Documenting During COVID-19 – What You Need to Know
NCMIC - June 18, 2020
As a DC, it’s only natural to want to help your patients attain their best health status. But this has been a challenge as a result of state restrictions on providing chiropractic care at the office and patients who are self-isolating to avoid catching the virus.
That’s why many DCs have been consulting with patients outside of the normal practice setting and through nontraditional means.
Documenting the Nontraditional
Many doctors, for example, are using video, phone, email or text messaging to advise patients about their past or present health concerns, proper nutrition and exercises. As well-intentioned as these efforts may be, what can happen is that proper documentation gets shortchanged, putting the DC and the doctor’s practice at risk.
Keep in mind that you should use the same standards for documenting clinical advice, continuity of treatment and informed consent discussions that you would use in your office. Patient interactions are supposed to be part of the chart, and in some states, they could be deemed to include electronic messaging, such as text messages. If you are not uniform in which messages you keep and which ones you delete, it could also give rise to an argument that certain messages were intentionally deleted.
Additionally, HIPAA and state scope of practice requirements are at play, so make sure to maintain proper protocols and keep patient privacy paramount.
Especially with electronic communication, such as texting or email, there are some limitations you should recognize, which include:
- You will not be able to hear the patient’s tone or voice inflections and may misinterpret their intentions.
- You cannot see the patient’s body language or other nonverbal communication.
- You may not be as careful about what you say and how you say it as you would be in person at your practice.
After a Gap in Care
As a result of COVID-19 restrictions, many of your regular patients may be returning after a gap in care. With a new patient, you have certain protocols you follow. However, the issue can become a bit trickier if the patient has a lapse in care due to COVID-19 restrictions.
Consider that things may have changed with the patient’s health, medications or other areas, Depending on how long it has been since you last saw the patient, it may be advisable to follow the protocols you would use with a new patient with any patients you see after a gap in care. This may include:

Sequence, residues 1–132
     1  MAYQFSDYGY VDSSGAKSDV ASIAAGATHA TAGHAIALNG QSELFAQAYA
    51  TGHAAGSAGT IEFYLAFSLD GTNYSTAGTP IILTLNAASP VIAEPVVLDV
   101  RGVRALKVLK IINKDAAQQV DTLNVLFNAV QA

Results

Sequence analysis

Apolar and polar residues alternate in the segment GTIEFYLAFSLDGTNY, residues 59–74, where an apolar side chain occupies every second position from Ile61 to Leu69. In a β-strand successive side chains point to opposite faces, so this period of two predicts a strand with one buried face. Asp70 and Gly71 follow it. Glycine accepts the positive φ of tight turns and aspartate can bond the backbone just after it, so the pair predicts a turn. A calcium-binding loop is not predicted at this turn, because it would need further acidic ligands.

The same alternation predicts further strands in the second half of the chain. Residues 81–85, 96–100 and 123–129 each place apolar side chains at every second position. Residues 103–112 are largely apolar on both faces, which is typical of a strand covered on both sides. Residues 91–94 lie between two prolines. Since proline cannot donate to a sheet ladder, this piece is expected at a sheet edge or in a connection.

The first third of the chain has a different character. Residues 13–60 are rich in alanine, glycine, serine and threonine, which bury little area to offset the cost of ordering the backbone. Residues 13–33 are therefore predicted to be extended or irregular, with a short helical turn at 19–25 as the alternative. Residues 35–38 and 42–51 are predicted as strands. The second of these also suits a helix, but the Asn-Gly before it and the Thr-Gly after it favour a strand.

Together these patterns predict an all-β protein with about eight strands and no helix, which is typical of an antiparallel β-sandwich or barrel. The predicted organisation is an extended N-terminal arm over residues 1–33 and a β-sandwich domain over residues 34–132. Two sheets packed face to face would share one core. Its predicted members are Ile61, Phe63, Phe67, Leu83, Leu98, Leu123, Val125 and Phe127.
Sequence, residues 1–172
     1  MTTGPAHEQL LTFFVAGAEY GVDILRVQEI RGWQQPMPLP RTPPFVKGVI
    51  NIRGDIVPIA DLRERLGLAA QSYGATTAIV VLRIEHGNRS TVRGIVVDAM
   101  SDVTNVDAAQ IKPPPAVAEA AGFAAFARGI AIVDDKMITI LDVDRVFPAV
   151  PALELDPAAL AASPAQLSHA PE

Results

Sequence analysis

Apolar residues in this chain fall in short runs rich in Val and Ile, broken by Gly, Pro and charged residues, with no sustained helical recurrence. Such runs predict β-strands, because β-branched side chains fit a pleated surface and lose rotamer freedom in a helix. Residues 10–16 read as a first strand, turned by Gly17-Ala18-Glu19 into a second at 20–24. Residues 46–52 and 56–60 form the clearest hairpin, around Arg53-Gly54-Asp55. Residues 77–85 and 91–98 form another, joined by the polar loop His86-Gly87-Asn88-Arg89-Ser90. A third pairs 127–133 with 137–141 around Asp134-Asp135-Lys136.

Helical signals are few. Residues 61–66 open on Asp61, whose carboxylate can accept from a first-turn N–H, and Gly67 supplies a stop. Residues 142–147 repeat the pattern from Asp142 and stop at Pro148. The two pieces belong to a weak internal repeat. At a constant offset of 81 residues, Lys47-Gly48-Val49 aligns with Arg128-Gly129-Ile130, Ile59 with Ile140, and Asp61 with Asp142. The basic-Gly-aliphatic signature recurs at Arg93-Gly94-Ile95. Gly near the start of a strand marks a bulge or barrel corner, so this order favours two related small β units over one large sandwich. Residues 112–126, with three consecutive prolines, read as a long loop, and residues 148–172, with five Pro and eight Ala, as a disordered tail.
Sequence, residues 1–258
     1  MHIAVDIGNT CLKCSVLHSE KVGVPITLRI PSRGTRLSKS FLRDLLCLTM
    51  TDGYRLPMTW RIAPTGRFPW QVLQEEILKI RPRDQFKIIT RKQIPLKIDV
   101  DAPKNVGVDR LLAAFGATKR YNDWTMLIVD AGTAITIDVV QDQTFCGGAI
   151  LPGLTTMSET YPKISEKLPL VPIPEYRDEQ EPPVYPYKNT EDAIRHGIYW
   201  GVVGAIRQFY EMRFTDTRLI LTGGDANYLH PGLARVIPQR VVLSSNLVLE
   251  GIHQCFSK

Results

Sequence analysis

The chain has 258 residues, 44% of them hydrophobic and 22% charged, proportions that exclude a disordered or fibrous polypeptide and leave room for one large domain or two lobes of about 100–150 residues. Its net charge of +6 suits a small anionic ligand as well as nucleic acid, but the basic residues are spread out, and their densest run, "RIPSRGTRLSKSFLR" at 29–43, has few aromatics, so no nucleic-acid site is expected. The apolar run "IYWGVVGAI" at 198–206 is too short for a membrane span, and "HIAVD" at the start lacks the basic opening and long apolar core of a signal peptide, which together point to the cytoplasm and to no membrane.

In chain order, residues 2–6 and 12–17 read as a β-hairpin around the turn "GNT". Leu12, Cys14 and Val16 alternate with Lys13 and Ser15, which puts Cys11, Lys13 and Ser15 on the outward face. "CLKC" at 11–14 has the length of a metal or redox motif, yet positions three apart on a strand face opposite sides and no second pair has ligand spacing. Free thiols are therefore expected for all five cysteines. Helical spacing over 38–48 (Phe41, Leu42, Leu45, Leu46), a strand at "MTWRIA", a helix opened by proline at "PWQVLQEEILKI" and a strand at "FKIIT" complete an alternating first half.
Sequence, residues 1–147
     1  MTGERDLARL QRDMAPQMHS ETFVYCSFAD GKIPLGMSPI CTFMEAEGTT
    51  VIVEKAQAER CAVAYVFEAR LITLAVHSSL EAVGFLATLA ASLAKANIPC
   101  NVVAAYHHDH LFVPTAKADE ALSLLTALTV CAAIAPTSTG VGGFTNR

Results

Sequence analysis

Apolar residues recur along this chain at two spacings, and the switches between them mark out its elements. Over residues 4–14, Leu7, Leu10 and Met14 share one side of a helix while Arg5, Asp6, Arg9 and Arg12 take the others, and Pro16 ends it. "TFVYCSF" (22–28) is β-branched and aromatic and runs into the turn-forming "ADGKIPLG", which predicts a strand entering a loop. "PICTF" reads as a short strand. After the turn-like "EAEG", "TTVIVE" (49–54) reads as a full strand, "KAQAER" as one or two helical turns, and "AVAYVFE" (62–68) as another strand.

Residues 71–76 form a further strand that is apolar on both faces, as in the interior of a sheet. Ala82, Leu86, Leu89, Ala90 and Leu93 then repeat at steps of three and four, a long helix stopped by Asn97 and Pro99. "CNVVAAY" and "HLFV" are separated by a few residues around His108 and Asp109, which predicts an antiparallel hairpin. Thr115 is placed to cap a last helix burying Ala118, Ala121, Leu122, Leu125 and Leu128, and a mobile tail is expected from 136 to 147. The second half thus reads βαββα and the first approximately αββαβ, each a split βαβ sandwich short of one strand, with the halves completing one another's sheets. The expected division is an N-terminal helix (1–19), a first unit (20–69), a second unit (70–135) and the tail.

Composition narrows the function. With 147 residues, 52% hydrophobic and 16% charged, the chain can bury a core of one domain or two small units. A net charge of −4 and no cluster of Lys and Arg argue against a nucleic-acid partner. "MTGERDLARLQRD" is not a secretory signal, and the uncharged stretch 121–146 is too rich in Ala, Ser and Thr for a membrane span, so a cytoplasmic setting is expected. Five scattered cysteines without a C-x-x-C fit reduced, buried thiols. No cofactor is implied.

- Taking a complete history and performing a thorough examination of the patient’s subjective complaints.
- Assigning a working diagnosis to that patient’s condition.
- Developing a treatment plan and determining if you feel the patient would still respond to the treatment in which you are trained. If not, refer the patient to an appropriate specialist.
- Obtaining the patient’s informed consent after discussing:
- The nature of the treatment to be rendered
- The material risks associated with the treatment and the possibility that those risks will occur
- Alternative treatments available and their associated risks
- The risks of not being treated
- Properly documenting all of the above, as well as charting the patient’s complaints in the SOAP notes. Without a contemporaneously made record, there is no proof of anything—and make no mistake, people remember things differently, which could become an issue if there is a later concern about your care.
Beyond the Patient Encounter
Recent board complaints have alleged that some doctors are not adhering to the various jurisdictional pandemic guidelines (e.g., shut down orders). Thorough documentation relating to the practice’s administration may help in the doctor’s defense. This includes documenting any:
- Staffing/duty changes
- Changes in policies, procedures and advertising—and the rationale behind these decisions
- Technical problems, such as computer crashes and power outages, and the need to use other devices as a result
Benefits for You—And Your Patients
Even with existing patients, it’s important to take all the necessary steps and to not let your guard down, especially during times of crisis. Your goal should be to provide the best clinical care and documentation possible. As a bonus, your patients will see you as a thorough and caring doctor—a doctor they’ll want to reward with their loyalty.
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